How Prue Leith Updated Queen Elizabeth's Classic Coronation Chicken

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Queen Elizabeth II was crowned in 1953 — she would go on to become the longest-serving English monarch until her death last year, according to The Royal Family. Retrospectively, 1953 has become an important year for the United Kingdom, making the Queen's coronation all the more special. 

During that time, Le Cordon Bleu, which was merely two decades old then, was tasked with creating a dish that would become the emblem of the occasion. The dish was introduced to the guests (mostly from other countries) as Poulet Rein Elizabeth, which is also known as coronation chicken.

The flavors in the dish are rather ornate. According to The Guardian, the sauce for the coronation chicken is made from onions softened in oil, curry powder, tomato puree, and red wine. It is boiled and seasoned with salt, sugar, pepper, and lemon juice. The chicken is poached with thyme, peppercorns, parsley, carrots, and bay leaf. When the chicken returns to room temperature, it is mixed with mayonnaise, the sauce, apricot puree, then lightly coated with whipped cream. 

For decades this dish has remained a mainstay of many buffets and is a quick fix at homes. Over this time, the classic dish has received its fair share of makeovers. One of them comes from the "Great British Baking Show" host, Prue Leith, who has given it a contemporary spin.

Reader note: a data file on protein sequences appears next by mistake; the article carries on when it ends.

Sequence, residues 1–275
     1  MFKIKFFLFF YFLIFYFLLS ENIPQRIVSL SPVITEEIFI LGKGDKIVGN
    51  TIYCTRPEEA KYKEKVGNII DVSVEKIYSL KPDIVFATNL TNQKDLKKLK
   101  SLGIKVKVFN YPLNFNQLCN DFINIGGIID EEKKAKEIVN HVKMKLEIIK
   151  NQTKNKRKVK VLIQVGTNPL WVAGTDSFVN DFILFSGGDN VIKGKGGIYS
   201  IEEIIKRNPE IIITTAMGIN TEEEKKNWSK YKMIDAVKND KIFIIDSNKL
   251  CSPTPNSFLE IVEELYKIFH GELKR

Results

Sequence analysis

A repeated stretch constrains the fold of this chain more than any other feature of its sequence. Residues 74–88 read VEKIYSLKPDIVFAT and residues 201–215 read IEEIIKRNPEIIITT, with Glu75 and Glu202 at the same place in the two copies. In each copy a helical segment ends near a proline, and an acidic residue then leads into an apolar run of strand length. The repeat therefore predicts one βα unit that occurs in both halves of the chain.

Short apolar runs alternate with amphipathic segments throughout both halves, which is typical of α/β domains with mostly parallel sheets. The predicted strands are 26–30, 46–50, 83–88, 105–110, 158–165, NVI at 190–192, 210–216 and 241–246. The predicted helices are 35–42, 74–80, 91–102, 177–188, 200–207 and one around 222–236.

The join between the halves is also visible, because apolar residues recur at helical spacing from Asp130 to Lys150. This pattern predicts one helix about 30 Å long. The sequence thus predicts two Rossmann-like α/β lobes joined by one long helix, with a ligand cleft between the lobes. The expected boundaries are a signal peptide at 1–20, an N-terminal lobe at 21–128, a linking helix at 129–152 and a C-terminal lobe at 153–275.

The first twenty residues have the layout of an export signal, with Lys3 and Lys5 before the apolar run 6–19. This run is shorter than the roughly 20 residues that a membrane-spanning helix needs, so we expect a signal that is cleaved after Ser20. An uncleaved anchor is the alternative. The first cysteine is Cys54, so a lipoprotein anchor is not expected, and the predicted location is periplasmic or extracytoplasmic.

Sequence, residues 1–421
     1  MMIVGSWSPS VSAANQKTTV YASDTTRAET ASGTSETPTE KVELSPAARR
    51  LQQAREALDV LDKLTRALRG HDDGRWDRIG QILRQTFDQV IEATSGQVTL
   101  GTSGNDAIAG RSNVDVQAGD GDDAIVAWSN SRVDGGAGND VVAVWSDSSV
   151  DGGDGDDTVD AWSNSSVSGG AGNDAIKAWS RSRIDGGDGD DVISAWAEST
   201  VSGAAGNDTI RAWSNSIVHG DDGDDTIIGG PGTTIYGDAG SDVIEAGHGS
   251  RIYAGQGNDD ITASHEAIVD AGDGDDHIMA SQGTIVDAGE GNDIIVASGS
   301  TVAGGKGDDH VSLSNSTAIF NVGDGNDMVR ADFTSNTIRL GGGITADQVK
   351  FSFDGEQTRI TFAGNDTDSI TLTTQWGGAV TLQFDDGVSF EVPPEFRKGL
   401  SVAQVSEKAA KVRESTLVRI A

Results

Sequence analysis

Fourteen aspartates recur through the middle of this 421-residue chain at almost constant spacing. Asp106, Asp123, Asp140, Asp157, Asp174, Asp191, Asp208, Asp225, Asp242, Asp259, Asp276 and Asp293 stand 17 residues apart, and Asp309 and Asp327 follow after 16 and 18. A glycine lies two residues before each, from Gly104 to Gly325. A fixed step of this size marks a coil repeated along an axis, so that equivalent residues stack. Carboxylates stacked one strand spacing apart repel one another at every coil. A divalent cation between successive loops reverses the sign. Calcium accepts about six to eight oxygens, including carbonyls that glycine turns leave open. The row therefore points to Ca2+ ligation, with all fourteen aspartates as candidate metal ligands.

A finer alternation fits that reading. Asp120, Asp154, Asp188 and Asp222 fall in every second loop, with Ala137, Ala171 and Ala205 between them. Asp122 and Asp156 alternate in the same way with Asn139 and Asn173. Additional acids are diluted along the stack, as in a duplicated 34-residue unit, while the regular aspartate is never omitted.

Prue Leith's toast to the classic dish

Prue Leith, an alumna of Le Cordon Bleu, has tailored the dish into a chicken salad spread — headlined by mangos and avocados instead of apricot — meant for warm toast (via People). To make the recipe, which appears in her book "Bliss on Toast," start by mixing together mayonnaise, curry powder, lime, and water to form a thin sauce. 

Use half of the mixture to coat the chicken, mango, scallions, and mango chutney. Then, slice up an avocado, place it on your slices of toast, and top it with the updated coronation mix. Garnish with cilantro and if the dish tastes plain, Leith recommends adding extra lemon and curry powder.

Apart from Leith's version, Le Cordon Bleu itself has refashioned the dish for contemporary taste buds. Instead of shredding the chicken, it is wrapped in plastic wrap, poached, then sliced, and served over rice with a rich curry sauce. You could also attempt coronation chicken pasta in which the curry sauce is rendered a thick consistency and uses turmeric.